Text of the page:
Now your top is put together!

Quilt as desired ... I
used a freemotion all over pattern that is reminiscent of a fluer de lys.

Now take your 2 1/2" strips cut from your Fat Quarters and sew them together end to end. Again, I like to sew mine together on the bias, using a 45* angle to avoid bulk. Iron this in half down the length and attach as double fold binding to your quilt. I like to sew the binding to the front, pull binding to the back, glue baste the binding down and then stitch in the ditch from the front, catching the binding on the back.
 Your Conversation Hearts quilt is now finished!

Materials List 
Pieced Heart Blocks 
Embroidered Heart Blocks

Monday, February 6, 2017

We have a Winner!

Using a random number generator, 
we have a winner:
Grandma said...I love blue and yellow.
"Grandma"  - contact me by the end of Thursday, February 9, so I can get the book out to you :)

Step Two - Converstaion Hearts

Now it is time for the Embroidered Hearts.
Take inspiration from candies, they are everywhere this time of year, so go on out and buy some if you can't think of words to use on your hearts.

Cut three 8" Squares of background fabric.
  For the hearts. download the heart template and the letters. Insert these images into a document and make sure the images are sized at 6 1/2" wide. Print these pages to use for tracing your embroidery designs.

Trace a heart on the middle of each 8" square of background fabric. 

A light box is a great way to trace these images. If you do not have a light box, you can tape (using painter's tape) the paper and fabric to a window on a bright day and then trace. 
Choose your sayings and trace the letters in the center each heart. Use your favorite method to mark the images. I used a water soluble pencil.
 Choose your embroidery floss colors.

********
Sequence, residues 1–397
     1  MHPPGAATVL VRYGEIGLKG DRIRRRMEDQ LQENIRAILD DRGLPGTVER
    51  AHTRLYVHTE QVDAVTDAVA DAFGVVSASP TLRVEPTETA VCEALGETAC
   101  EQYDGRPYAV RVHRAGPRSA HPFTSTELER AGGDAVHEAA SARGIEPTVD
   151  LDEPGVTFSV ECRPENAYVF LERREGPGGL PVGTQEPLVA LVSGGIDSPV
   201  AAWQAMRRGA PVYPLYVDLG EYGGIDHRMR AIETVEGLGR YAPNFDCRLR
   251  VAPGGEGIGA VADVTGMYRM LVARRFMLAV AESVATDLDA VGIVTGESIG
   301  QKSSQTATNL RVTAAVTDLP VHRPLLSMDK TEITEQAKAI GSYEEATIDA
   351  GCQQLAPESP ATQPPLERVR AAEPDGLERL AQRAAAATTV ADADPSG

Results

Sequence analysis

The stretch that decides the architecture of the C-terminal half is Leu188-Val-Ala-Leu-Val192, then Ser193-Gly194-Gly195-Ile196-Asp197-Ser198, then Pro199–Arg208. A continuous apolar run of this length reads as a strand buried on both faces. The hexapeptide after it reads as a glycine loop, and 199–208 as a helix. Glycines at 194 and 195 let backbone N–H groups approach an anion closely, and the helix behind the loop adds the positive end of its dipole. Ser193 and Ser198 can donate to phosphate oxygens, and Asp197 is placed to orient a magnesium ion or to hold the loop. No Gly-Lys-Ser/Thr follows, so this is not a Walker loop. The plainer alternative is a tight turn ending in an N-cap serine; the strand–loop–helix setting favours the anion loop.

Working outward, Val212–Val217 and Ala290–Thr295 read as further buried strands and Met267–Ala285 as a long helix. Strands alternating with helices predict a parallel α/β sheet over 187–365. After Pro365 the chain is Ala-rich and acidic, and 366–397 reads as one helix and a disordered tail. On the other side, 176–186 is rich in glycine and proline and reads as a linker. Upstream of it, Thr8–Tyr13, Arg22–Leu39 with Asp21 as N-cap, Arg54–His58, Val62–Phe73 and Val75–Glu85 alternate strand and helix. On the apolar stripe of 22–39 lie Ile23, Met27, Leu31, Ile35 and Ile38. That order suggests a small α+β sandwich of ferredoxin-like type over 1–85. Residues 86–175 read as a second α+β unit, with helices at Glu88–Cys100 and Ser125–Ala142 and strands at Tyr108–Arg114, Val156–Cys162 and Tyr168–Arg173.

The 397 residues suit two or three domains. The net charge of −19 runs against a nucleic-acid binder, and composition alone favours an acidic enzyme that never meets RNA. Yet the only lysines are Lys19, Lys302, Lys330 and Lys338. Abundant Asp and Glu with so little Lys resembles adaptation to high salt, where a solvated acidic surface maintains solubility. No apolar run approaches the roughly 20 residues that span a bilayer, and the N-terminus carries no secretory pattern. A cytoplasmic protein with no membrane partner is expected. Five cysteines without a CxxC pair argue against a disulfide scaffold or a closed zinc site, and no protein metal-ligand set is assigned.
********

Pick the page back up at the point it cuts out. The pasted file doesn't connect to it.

Using a back stitch, stem stitch, split stitch or a chain stitch embroider the heart and the letters.

If you need a refresher on how to do any of these stitches, check out Sublime Stitching.
Check back on Wednesday for the setting instructions :)

Saturday, February 4, 2017

Texture: Project Quilting Season 8, Challenge 3

Thinking over the challenge all week, I wasn't sure what I was going to do ... My first plan was going to take time that I didn't have, so I tried to figure out what to do. Hanging from my bulletin board was a really cool trim piece that I have used for landscape postcards in the past and that brought my idea to life - the texture of this trim is perfect for the challenge! Texture in the Wild ...

I forgot to grab pictures of the of the process, hopefully you can imagine the process of choosing landscape textures from my stash, finding a moose to inhabit the landscape and using raw edge applique to attach the fabrics to my Peltex base.

I like to use a satin stitch on the edges of my postcards ...
... stitching around the outside more than one to insure a good solid edge, especially on the fabrics that don't match the thread.
 This is where the textured trim comes in. I cut a length and sew it to the bottom of the card with a straight stitch as fancy stitches won't show up in the fringe.
A 4"X6" postcard - Textured Landscape.
 This postcard will go to a local fundraiser to the Muskegon Museum of Art for their Postcard Salon coming up in a few weeks.

I finished Challenge Three of Project Quilting Season 8!